Tomorrow, they will announce the finalists in the Race to the Top competition.
What they won’t mention are the countless students whose states and schools have lost in that competition. We won’t be able to know how many schools, teachers, and students who get the RTTT funding will lose the richness of their curriculum in favor of scripted programs to improve test scores. We won’t know how many other teachers will lose their jobs because of the restructuring measures mandated under NCLB and RTTT. While there are many worthy aims in this piece of legislation, what concerns me is that at the core of competition are clear winners and clear losers. I don’t want my state to be a losing state. But someone’s state will be.
I listened to Arne Duncan today discuss that we need to celebrate teachers who make improvements in a child’s skills, not just penalize them when a child test below the bar. He told an anecdote of a teacher who improves a child’s reading level by two grades, but that currently, that teacher would be penalized because the child was still below grade level. I am right there with Secretary Duncan. But it seems to me that this year’s budget proposal penalizes good programs that are doing good work improving student literacy for the mere fact that they don’t disperse funds in a competitive way. How are competitive grants an improvement on our current model? How does eliminating a crucial infrastructure that supports strong gains in literacy, like the National Writing Project or Reading is Fundamental which both are direct funding models, equal an improvement? Especially when not every child, school, or state has access to the new programs? How is this an improvement when some states get more than others?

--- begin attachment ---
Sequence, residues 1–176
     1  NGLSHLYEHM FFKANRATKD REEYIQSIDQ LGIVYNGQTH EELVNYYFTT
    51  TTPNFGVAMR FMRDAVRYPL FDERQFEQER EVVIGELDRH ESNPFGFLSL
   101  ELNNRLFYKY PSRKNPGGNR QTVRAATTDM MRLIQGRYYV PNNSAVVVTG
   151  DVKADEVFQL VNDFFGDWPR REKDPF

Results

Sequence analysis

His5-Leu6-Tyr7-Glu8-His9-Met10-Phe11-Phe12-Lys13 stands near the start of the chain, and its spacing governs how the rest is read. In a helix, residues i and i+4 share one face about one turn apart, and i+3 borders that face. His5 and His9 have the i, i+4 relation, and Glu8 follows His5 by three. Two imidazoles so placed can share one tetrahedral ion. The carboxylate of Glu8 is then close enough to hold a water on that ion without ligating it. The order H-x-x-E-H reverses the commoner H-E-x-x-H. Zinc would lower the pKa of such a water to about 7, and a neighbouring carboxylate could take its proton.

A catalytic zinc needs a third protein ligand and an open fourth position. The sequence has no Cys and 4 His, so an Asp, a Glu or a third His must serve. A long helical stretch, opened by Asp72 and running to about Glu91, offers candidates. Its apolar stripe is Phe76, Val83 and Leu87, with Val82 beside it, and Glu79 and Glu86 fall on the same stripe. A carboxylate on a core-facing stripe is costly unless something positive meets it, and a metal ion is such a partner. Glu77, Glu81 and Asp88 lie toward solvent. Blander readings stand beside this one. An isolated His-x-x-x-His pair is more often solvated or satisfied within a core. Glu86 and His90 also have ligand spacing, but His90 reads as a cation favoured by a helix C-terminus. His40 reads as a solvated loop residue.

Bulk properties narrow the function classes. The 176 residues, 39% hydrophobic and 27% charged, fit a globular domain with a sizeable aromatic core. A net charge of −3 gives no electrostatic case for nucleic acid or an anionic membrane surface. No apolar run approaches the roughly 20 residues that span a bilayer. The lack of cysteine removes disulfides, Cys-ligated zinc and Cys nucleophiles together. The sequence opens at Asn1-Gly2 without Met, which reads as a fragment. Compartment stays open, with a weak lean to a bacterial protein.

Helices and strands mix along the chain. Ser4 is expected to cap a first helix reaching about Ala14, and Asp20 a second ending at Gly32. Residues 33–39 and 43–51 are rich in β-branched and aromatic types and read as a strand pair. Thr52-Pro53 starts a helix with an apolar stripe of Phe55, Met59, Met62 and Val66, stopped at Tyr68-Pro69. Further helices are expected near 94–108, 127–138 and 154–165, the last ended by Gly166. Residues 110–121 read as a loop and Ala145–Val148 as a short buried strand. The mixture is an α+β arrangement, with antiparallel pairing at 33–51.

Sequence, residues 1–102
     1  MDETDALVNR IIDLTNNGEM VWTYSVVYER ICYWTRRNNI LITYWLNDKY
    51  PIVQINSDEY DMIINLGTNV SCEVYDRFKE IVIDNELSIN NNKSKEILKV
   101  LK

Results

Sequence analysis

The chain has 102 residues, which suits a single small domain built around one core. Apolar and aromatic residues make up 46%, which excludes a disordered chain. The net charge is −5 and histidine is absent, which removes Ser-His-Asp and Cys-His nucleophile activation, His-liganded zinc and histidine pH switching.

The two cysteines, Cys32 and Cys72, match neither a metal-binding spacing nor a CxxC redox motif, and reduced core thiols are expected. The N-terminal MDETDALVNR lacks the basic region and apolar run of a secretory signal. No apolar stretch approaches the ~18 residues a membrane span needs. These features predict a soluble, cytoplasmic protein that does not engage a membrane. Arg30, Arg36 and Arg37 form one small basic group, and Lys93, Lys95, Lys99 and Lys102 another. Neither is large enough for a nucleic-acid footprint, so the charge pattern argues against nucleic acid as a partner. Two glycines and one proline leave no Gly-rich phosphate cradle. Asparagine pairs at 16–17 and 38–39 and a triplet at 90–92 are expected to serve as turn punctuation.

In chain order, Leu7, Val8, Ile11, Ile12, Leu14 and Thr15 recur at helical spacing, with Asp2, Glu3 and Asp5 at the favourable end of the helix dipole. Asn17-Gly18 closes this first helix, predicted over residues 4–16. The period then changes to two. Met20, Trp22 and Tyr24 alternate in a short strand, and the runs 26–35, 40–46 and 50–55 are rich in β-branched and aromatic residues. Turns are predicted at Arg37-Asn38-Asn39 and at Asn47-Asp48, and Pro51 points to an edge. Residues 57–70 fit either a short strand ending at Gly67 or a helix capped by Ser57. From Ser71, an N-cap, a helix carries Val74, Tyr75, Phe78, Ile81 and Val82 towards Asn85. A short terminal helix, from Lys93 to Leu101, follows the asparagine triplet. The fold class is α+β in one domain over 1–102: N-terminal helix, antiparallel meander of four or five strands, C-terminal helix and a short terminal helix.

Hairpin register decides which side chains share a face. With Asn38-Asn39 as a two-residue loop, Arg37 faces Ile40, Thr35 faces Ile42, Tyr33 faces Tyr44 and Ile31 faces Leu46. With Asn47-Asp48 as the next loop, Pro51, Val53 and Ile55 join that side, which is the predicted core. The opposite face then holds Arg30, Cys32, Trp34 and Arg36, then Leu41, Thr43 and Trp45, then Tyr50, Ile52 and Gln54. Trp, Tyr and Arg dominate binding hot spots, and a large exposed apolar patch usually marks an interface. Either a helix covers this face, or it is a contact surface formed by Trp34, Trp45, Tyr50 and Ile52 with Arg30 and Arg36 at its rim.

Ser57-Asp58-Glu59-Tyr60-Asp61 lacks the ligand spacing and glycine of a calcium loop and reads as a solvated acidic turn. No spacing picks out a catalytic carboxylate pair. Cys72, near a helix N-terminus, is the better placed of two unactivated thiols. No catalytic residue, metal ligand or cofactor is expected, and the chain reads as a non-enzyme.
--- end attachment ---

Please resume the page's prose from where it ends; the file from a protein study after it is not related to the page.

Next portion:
I listened to both the Youtube highlights and the streamed archive of Secretary Duncan’s meeting with the Education and Labor committee today. I want to believe that there are good intentions on the part of the Obama administration when it comes to the education of our nation’s children. But I am concerned that a large part of the rhetoric places the blame on teachers, rather than focusing on supporting programs that are known to work. Creating a national conversation about winners and losers is just not the best way to improve an entire system.